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‘Trashy’ Public Art To Be Removed

Jagger Black, age 7, of Moses Lake, Wash., plays on the dinosaur bone sculpture in Riverfront Park Wednesday. The Spokane Parks and Recreation Department plans to remove and demolish the sculpture because it has developed cracks and is considered unsafe. (SR photo: Colin Mulvany)\

When noted Pacific Northwest artist Charles W. Smith was creating a sculpture in what became Riverfront Park, he was often asked what it represented. “Nothing,” he told a Spokane Daily Chronicle reporter. “It can be anything a child wants it to be. Rather than a camel or a horse, it can be many things.” Nearly 40 years later, Spokane arts and parks leaders, however, may give it a label: trash/Jonathan Brunt, SR. More here.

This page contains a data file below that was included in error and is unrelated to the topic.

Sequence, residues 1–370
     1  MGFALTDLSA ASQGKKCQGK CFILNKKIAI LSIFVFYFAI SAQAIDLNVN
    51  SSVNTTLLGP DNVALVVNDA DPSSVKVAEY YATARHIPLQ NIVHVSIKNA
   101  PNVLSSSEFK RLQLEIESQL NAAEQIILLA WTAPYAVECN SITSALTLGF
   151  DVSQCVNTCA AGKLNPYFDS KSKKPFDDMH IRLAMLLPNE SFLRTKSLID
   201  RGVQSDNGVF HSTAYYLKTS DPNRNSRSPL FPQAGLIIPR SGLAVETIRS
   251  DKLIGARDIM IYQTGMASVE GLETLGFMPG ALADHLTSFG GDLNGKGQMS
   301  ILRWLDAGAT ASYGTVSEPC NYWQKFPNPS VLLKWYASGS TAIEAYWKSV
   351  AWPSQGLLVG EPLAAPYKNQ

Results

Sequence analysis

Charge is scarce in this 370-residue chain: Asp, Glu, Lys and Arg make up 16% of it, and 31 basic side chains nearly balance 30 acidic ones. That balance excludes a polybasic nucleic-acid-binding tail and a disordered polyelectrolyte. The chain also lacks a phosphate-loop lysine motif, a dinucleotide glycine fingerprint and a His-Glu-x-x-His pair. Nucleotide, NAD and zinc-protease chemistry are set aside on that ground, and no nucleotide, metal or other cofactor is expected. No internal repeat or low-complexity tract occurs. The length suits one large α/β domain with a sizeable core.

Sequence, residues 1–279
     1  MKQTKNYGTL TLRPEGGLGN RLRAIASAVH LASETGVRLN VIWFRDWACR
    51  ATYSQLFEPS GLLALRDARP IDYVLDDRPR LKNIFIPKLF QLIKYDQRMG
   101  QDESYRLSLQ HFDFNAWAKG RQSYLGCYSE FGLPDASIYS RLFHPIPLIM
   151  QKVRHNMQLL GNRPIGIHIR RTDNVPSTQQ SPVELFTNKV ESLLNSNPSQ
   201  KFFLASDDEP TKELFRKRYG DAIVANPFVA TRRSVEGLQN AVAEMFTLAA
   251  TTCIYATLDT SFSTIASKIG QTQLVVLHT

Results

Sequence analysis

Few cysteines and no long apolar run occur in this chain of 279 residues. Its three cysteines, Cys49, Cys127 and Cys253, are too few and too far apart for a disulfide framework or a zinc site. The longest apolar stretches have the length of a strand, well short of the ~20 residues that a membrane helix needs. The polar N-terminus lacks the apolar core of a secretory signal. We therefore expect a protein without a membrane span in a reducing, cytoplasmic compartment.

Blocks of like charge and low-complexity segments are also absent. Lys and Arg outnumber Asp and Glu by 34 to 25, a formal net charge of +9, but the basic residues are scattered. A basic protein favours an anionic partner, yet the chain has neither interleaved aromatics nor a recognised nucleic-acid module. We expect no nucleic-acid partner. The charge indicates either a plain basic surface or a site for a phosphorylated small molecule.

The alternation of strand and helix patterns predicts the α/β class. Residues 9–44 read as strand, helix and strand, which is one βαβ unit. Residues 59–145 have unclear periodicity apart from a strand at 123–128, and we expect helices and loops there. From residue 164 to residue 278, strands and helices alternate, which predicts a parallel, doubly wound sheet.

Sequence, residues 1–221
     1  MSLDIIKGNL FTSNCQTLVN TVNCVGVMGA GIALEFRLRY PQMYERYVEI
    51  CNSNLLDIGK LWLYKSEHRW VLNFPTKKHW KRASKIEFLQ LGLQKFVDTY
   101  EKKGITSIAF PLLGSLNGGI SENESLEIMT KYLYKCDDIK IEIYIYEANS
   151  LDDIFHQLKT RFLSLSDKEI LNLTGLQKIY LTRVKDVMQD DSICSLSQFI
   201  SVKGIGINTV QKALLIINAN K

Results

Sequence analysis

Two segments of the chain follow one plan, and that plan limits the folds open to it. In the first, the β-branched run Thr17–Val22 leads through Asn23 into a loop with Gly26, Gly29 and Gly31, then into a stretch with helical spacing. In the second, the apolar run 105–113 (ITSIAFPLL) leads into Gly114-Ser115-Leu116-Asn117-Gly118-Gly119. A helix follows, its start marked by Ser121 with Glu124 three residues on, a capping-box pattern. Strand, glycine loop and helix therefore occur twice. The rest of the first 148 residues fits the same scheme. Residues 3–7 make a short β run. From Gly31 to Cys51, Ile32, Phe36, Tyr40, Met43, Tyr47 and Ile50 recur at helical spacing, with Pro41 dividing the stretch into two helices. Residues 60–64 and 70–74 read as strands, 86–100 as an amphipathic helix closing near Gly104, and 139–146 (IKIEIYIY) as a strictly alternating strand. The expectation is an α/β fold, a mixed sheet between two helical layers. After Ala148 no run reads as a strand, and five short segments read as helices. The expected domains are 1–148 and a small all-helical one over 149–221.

Question: Which piece of public art in the Coeur d'Alene area would you consider “trashy”?


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About this blog

D.F. Oliveria is a columnist and blogger for The Spokesman-Review. Print Huckleberries is a past winner of the Herb Caen Memorial Column contest by the National Association of Newspaper Columnists. The Readership Institute of Northwestern University cited this blog as a good example of online community journalism.

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